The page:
Priory House is a ‘care home’. People in care homes receive accommodation and nursing or personal care as a single package under one contractual agreement. CQC regulates both the premises and the care provided, and both were looked at during this inspection. Priory House does not provide nursing care. It is registered for up to 29 older people some of whom may be living with dementia. The service also provides respite and rehabilitation services. Respite services provide care and accommodation for short periods of time. Rehabilitation services are generally for a set period of time to help people to recover from ill health, after leaving hospital. The service offers people support, and works together with occupational therapists and physiotherapists, to help people regain the independence they had prior to their illness. At the time of our inspection there were 15 people living there permanently, four people in respite beds and four people in the service for rehabilitation.

There was a registered manager in post. A registered manager is a person who has registered with the Care Quality Commission to manage the service. Like registered providers, they are ‘registered persons’. Registered persons have legal responsibility for meeting the requirements in the Health and Social Care Act 2008 and associated Regulations about how the service is run.

People were protected from the risk of harm and abuse. Staff were trained and demonstrated a good understanding of their responsibilities to keep people safe. The service had policies and procedures in place to guide staff, and they knew how to implement them. Risks were well managed. People were supported to take every-day risks to help them maintain their independence. Staffing levels were consistently good, they enabled people the opportunity to access the local community. The service had a robust recruitment process that ensured staff were suitable to work with vulnerable people. Medicine management was good. People received their medicines as prescribed. Staff had received training, and had a good knowledge of peoples’ medicine needs. There were good infection control policies, procedures and practices in place. The registered manager shared information with staff to ensure that lessons were learnt when things went wrong.

People’s needs had been fully assessed before they moved into the service and their care plans had been devised from the assessment process. Staff had received a good, thorough induction and were trained and supported to do their job. The registered manager worked well in partnership with other professionals to ensure people received the care they needed. People had sufficient home cooked, good quality food and drink to enable them to keep healthy. People received appropriate healthcare support, when needed. There were safety certificates in place and the building was in good order and was suitable for people’s needs. The registered manager had identified any issues and had plans in place to make any necessary improvements. People had as much choice and control over their lives as possible. The service worked in line with other legislation such as the Mental Capacity Act 2005 (MCA) and had completed mental capacity assessments and Deprivation of Liberties (DoLS) where required to ensure people’s rights and freedoms were respected and protected.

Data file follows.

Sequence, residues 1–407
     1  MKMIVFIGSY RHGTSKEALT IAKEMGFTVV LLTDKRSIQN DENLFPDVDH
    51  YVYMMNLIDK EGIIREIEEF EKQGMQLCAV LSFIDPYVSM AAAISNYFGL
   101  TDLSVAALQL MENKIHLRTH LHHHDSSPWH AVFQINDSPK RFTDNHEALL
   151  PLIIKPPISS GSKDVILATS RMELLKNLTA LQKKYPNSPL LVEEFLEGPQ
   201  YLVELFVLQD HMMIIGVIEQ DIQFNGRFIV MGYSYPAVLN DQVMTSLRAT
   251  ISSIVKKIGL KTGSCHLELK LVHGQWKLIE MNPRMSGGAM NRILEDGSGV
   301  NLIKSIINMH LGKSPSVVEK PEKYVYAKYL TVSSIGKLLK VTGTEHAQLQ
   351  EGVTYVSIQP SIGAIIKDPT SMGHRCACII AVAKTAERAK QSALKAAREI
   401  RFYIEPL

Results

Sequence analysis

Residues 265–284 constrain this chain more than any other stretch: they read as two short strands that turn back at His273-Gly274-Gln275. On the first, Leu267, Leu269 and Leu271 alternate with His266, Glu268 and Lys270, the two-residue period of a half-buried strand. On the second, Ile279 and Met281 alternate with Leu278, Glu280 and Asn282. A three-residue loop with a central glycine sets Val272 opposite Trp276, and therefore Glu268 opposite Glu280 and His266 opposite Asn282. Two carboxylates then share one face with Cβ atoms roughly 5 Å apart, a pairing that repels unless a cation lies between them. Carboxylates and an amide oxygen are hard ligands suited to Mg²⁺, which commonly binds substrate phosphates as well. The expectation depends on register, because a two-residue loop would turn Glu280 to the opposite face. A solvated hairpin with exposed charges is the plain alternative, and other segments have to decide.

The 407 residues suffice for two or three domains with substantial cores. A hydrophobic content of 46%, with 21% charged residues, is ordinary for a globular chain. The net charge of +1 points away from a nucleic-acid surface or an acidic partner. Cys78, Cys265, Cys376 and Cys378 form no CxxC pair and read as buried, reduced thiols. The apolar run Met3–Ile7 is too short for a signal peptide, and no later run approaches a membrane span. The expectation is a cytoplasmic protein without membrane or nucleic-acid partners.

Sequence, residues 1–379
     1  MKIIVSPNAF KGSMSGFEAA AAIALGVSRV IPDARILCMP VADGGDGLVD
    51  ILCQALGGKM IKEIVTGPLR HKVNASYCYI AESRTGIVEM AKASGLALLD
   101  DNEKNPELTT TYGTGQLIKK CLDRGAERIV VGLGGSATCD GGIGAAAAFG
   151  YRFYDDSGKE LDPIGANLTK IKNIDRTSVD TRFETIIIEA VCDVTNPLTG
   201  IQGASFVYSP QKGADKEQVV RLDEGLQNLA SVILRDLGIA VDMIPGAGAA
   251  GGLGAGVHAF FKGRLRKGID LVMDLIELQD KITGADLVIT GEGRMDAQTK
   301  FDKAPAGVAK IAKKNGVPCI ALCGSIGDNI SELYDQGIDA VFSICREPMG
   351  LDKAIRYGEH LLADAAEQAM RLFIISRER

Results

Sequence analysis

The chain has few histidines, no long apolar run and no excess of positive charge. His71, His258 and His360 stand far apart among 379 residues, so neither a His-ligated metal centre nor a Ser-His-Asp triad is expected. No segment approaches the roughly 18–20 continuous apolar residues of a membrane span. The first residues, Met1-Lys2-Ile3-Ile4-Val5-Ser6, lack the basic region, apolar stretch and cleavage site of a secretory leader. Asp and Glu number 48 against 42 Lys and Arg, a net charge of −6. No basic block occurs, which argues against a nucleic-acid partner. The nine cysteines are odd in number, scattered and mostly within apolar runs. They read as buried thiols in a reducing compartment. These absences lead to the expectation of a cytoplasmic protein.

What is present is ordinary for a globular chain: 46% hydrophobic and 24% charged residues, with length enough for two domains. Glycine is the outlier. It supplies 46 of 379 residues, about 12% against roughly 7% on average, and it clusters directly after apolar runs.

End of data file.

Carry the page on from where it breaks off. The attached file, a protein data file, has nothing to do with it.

People said staff knew them well, and told us all of the staff were kind, caring, compassionate and understanding. We saw that people were treated with dignity and respect and their privacy was maintained. Staff ensured that people were supported to maintain their independence, as much as possible. People and their families were actively involved in making decisions about their care.

People received person-centred care that was responsive to their changing needs. The care plans were written in a way that ensured people were supported to maintain their skills for as long as possible. The activities coordinator arranged